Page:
Arctos: A Collaborative Collection Management Solution 

Building a student and volunteer network for Notes from Nature herbarium transcription success in Arkansas 

Increasing Discoverability of Natural History Genomic Resources through the Arctos / GGBN Collaboration 

Mind the Gap – A Workflow for Maintaining Data Connectivity Across Museum Collections 

Yes, we do more than data….

Upgrades to the University of Alaska Museum’s Genomic Resources facility and a novel space-saving cryotube design 

Arctos represented at SPNHC Chicago 2019. The Working Group meeting we had planned turned into an introduction to Arctos for prospective users and our networking efforts have resulted in a collaboration with Global Biodiversity Interactions (GloBI) that may help us with organism identifiers. The Collections Management Systems SIG meeting was surprising for the lack of attendance by the software providers, but enlightening as a discussion among the user community. More about that in a blog at iDigBio. But the very best part of the conference was seeing everyone in person and taking the time to get to know each other! Next year, SPNHC will be held jointly with the International Council of Museums Committee for Museums and Collections of Natural History (ICOM NATHIST) in Edinburgh, Scotland! Start planning your presentations now, we have plenty to talk about! There will be dancing….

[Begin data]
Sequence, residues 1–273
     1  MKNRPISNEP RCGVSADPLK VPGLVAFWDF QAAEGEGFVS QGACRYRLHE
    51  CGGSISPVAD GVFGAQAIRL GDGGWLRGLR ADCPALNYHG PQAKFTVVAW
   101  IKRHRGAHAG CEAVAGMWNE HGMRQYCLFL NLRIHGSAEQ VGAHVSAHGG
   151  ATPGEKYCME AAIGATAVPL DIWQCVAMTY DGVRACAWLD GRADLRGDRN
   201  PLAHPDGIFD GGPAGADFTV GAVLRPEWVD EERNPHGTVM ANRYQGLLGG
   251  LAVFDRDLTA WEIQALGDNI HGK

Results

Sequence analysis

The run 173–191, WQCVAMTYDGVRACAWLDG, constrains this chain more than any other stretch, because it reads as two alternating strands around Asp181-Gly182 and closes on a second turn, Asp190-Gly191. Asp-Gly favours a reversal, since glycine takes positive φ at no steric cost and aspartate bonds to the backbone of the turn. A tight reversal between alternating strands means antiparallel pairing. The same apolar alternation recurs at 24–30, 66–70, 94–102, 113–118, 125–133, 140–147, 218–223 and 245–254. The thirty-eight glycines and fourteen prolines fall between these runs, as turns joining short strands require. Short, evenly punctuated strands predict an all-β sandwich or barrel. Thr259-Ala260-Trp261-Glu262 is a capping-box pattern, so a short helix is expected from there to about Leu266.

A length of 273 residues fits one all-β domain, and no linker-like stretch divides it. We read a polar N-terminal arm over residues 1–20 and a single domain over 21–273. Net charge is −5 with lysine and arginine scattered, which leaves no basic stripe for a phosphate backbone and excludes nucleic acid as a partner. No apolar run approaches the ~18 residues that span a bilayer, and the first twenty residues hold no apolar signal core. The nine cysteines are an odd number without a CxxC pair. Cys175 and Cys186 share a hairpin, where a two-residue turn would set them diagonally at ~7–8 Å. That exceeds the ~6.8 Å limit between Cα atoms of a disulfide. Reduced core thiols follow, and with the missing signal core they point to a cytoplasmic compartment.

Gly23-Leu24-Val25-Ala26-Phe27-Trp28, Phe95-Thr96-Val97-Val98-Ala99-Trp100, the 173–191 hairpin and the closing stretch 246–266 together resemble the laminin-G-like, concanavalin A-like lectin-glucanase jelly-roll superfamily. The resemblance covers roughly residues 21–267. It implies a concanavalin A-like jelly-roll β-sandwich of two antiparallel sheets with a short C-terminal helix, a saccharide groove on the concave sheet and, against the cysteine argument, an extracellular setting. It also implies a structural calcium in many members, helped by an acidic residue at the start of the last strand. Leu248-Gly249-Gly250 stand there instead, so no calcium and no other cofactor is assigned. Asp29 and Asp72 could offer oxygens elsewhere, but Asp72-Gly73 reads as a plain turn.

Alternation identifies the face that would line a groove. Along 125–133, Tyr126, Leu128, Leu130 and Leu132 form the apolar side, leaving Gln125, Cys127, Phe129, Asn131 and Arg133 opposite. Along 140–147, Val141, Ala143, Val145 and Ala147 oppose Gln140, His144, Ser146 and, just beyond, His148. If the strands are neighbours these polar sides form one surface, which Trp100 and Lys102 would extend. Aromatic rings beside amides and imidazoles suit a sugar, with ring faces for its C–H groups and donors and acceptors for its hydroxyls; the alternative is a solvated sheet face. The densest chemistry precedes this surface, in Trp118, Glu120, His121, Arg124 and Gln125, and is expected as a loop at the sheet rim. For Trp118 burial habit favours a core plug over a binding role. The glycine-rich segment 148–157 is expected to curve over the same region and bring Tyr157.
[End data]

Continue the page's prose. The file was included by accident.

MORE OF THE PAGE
Story by Teresa Mayfield-Meyer

We’d like to Welcome Kenneth S. Norris Center for Natural History into Arctos!

The Kenneth S. Norris Center for Natural History supports natural history education and research opportunities for students, faculty, staff, and the greater Santa Cruz community. Established in 2014 through a lead endowment gift from the David and Lucile Packard Foundation, the Norris Center builds upon the contributions that Professor Ken Norris and others made to the field of natural history at UCSC.

The Norris center hosts classes, offers natural history workshops, has a wide variety of specimens for teaching and research, supports internships and fellowships, and helps engage all people with the natural world.

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(Information and photos pulled directly from their website.) 

ORCIDs and Arctos

by Teresa J. Mayfield-Meyer

ORCID is an alternate address in Arctos. 

What’s an ORCID? ORCID provides a persistent digital identifier that distinguishes you from every other researcher and supports automated linkages between you and your professional activities ensuring that your work is recognized. An ORCID is also one of the ways to get your name into to Bloodhound which will use your ORCID or Wikidata entry to claim the natural history specimens you collected or identified, track their use in new science, and help acknowledge your peers, mentors, and organizations (even outside of Arctos). ORCID’s were used in Ozymandias, a 2018 GBIF Ebbe Nielsen Challenge prize-winning project which lets people explore millions of relationships to investigate a particular species, the range of a researcher’s activities or the research output associated with a particular institution. Find out more about ORCID by visiting https://orcid.org/.

If you already have an ORCID, please edit your Arctos Agent record and add it. Don’t have an ORCID? Get one! ORCID is becoming the accepted place for biodiversity data aggregators to suss out agent names. Including your ORCID in your Arctos Agent profile will make you and your work more discoverable.